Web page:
Raiders pick up fourth victory in five games, but rotten third quarter leaves sour taste in mouth

Hannibal’s Haden Robertson (0) and QND’s Josh Locke (2) battle for a rebound during the Pirates and QND game, Saturday in Hannibal.  Mathew Kirby/Herald Whig-Courier Post

Quincy Notre Dame's Josh Bocke, left, and Hannibal's Haden Robertson battled for a rebound during Saturday night's game at Korf Gym in Hannibal, Mo. | Photo courtesy Mathew Kirby

HANNIBAL, Mo. — The Quincy Notre Dame boys basketball team enjoyed a solid first half on Saturday night against Hannibal.

Then the third quarter happened.

The Raiders led by 16 points at halftime, then made 10 of 11 free throws in the final four minutes of the game to hold off the Pirates 49-39 at Korf Gym. 

But that third quarter had the Raiders shaking their heads.

“It was definitely kind of a rough night for us in that third quarter,” senior guard Jake Hoyt said. “It kind of set us back a little bit. We’ve just got to figure out time and score situations and find a bucket whenever the other team ups some pressure. We’ve got to be able to control that.”

How bad was the third quarter?

The Raiders took 12 shots and missed 11. They turned the ball over seven times. Josh Bocke scored 10 points in the first half, but he took only one shot in the third quarter. A pair of 3-pointers by Mason Hull and Kasen Sherwood, plus six points from Dae’Shon Glasgow, helped the Pirates get within 32-23 after three quarters.

A free throw by Mason Hull and an offensive rebound basket by Haden Robertson put Hannibal within six points with 6:28 remaining in the game.

“I thought in the first half, we looked like we were having fun,” Raiders coach Kevin Meyer said. “Then the second half, it became a job. A big thing for this group is trying to keep it fun. But a lot of credit goes to Marty (Hull, the Pirates’ coach) and his group. They made it tough. They made it turn into a job and made us work.”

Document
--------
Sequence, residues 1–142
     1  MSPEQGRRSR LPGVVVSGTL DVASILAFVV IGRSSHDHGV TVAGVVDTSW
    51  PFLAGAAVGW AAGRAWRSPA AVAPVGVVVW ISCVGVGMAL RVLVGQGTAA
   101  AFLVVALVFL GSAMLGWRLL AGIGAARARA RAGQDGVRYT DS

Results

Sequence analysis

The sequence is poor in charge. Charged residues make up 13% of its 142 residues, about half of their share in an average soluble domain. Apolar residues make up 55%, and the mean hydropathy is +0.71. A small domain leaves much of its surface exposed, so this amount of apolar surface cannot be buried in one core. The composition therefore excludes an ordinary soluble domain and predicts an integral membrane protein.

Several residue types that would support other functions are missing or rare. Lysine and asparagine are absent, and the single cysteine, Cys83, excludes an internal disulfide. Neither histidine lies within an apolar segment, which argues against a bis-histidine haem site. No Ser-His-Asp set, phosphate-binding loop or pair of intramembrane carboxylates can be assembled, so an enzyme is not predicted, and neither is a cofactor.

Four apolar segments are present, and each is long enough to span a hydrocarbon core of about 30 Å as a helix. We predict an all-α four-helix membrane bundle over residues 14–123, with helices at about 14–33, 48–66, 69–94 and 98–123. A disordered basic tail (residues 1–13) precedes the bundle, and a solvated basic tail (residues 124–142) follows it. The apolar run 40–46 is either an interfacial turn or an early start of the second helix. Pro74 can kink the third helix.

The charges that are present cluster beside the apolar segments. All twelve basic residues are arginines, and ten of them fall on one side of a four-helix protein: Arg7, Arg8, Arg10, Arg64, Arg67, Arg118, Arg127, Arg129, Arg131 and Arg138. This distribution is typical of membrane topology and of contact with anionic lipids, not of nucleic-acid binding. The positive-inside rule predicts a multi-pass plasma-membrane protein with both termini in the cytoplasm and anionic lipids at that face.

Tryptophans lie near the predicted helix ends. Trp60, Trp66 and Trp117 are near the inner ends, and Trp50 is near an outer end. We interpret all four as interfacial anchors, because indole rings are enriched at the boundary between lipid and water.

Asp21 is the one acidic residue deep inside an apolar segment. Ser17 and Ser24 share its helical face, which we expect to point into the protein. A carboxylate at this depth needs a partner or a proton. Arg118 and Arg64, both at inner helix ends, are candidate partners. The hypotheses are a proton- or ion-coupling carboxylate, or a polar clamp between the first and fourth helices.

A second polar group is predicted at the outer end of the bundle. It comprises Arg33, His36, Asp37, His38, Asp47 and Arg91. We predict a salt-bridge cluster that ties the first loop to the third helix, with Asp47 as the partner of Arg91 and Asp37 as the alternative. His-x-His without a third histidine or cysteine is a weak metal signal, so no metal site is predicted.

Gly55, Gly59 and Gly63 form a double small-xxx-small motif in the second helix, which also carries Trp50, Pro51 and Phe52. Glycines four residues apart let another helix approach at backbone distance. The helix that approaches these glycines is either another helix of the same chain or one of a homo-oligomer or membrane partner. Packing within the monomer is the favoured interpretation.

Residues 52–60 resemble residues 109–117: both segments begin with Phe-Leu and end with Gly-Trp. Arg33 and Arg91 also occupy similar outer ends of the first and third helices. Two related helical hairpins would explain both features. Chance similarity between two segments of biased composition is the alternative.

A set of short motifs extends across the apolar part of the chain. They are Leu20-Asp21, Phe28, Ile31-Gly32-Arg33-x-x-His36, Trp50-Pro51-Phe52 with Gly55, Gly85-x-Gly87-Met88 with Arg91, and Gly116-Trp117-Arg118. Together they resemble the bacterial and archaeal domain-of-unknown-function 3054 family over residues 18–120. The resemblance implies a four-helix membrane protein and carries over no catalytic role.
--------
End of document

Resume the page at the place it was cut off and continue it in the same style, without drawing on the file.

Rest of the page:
Notre Dame (4-1) was patient and picked apart Hannibal’s zone in the first half, making 9 of 17 shots and turning the ball over just four times.

A defensive switch by Hannibal changed that.

“I didn’t think the man-to-man (defense) would work against them as well as it did,” Hull said. “I thought our zone would be good, but (QND) did a good job. I did a bad job of not scouting them long enough to think our man-to-man would work. They were picking us apart. I was like, we’ve got to do something different. Haden almost said it at the exact same time as I did about going to man. We had to get after it.”

The Raiders made just 4 of 18 shots in the second half, but they never allowed the lead to dwindle to less than six points. Bocke, who led the Raiders with 13 points, scored the only basket in the final four minutes.

Hoyt and Meyer both thought the Raiders were too quick to take the first shot they got in the second half.

“We’re not getting the best shot possible,” said Hoyt, who scored 12 points. “We kind of took the first ball reversal. Then if it was an open three, we took it. We’ve got to find more ways to get open layups and work through our offense.”

“A lot of those (missed shots in the third quarter) were no paint touches and shoot the three, which is not something we’re characteristically good at,” Meyer said. “We don’t want to do that. We want to get the ball inside, make the defense collapse and find shooters. We did that against the zone.

“When (Hannibal went) man, we should have been excited about it. … Run our stuff and execute the things we’re comfortable in. Tonight, we just never got comfortable.”

The Raiders shot just 37 percent (13 of 35) from the field, but they took twice as many free throws as Hannibal — making 20 out of 30, while the Pirates made just 7 of 15.

Glasgow led all scorers with 22 points, but the rest of the Pirates (2-3) made just six of 30 shots.

“We played with a sense of urgency in the second half,” Hull said. “We learned that hey, we’re good enough to play with these guys. We’re always better in January, in February than we are early. Give us another month of practices and just getting used to each other, and we’re going to be better.”

Meyer and Hoyt believe the same thing.

“I have high expectations, but they have high expectations as well, and we have a lot of leadership in there,” Meyer said. “We have a lot of guys who have played big minutes for us over the last three years. You know, just handle some of the pressure, handle the composure part of it.”

“We’ve been playing all right,” Hoyt said. “We have some setbacks every now and then, but we’ve just got to learn from them. Keep moving forward and get better.”

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